Meanwhile, Dr. Mathews had submitted a reappointment application to have his privileges renewed for the next year beginning January 1, 1994, as was normal procedure under Columbia's Bylaws. Although Dr. Mathews submitted his reappointment application prior to the September 1, 1993 deadline, on September 24, 1993 Mr. Katana discovered that the application was not complete because it did not include a reappointment reference from LGH. Columbia requires all staff physicians to submit completed reappointment references from any other hospitals where they exercise privileges.
Despite repeated efforts, Columbia was unable to obtain LGH's completed reappointment reference from either Dr. Mathews' office or directly from LGH. Accordingly, on November 10, 1993, Mr. Katana wrote to Dr. Mathews informing him that his reappointment application was incomplete and that his courtesy staff privileges would therefore automatically expire on December 31, 1993. Mr. Katana also informed Dr. Mathews that he could reapply for those privileges in accordance with the procedures set out in Columbia's Bylaws.
Dr. Mathews never submitted the reappointment reference from LGH, and his courtesy staff privileges at Columbia expired on December 31, 1993. After that date, however, Columbia again granted Dr. Mathews "temporary privileges," which he continues to exercise.
G. Procedural history
On December 15, 1993, plaintiff filed an action against LGH, the LGH Foundation, Columbia, the Columbia Foundation, and the six individual doctors listed above. The Complaint was amended on September 9, 1994. Count I of the Verified Amended Complaint is an antitrust claim alleging a conspiracy in violation of section one of the Sherman Act, 15 U.S.C. § 1, and seeking treble damages and injunctive relief pursuant to sections four and sixteen of the Clayton Act, 15 U.S.C. §§ 15 & 26. Counts II through IV allege state law claims of breach of contract, intentional interference with contractual relations, and civil conspiracy. On August 1, 1994, plaintiff filed a second, two-count Complaint against OAL, alleging a violation of section one of the Sherman Act and a state law claim of intentional interference with contractual relations. This court consolidated the actions for pretrial purposes in an order dated November 18, 1994.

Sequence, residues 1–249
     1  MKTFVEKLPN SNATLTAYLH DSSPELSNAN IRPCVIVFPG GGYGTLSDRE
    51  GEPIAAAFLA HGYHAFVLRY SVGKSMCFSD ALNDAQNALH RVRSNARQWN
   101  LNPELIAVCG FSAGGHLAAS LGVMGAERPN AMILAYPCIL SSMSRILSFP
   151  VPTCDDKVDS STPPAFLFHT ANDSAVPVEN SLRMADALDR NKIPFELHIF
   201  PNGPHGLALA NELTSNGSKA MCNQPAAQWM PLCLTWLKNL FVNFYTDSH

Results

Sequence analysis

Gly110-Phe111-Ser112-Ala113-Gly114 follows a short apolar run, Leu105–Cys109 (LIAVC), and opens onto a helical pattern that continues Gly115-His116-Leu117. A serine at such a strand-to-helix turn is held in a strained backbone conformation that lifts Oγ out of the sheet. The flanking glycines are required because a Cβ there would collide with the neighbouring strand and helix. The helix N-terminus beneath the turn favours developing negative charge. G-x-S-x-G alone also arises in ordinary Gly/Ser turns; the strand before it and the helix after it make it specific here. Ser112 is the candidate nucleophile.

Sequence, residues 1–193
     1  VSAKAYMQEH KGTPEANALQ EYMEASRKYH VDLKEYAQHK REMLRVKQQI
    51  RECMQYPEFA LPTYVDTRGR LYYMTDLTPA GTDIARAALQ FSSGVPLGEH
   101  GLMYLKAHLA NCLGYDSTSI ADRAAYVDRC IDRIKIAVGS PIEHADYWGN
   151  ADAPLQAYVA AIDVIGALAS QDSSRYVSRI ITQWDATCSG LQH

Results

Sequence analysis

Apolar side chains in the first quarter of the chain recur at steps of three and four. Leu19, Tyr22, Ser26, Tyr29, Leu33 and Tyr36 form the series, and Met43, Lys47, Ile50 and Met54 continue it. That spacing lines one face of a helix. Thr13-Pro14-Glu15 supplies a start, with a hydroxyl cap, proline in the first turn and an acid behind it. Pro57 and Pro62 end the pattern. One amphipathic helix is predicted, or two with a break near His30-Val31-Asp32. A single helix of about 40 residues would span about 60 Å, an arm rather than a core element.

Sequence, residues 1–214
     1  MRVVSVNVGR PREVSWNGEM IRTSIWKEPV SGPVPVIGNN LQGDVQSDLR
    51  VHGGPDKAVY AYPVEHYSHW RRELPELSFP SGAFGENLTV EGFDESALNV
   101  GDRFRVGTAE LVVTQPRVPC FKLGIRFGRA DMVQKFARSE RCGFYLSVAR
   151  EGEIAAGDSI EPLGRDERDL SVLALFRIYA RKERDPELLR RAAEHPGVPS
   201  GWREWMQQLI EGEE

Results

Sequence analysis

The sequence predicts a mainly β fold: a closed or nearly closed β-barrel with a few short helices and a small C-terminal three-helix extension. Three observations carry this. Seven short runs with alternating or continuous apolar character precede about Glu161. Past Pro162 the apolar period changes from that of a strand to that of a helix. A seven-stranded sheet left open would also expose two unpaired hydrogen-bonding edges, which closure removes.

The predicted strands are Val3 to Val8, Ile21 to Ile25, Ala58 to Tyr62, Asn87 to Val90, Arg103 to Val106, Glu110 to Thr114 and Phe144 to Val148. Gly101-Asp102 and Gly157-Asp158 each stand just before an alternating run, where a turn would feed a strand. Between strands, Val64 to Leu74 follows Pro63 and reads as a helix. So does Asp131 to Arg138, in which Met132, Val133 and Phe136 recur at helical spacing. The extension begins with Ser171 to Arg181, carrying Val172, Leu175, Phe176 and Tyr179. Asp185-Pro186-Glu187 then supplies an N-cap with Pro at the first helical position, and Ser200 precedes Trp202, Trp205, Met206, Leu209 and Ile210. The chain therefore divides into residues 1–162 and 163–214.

All defendants moved for summary judgment in late 1994. On December 1, 1994, the court denied defendants' motions for administrative purposes in order to allow plaintiff an additional discovery period of 60 days which he had requested. After the 60-day period, each defendant renewed its motion for summary judgment, and plaintiff renewed its responses to those motions and submitted a supplementary memorandum addressing materials uncovered during the additional discovery period. It is these summary judgment motions which are currently before the court.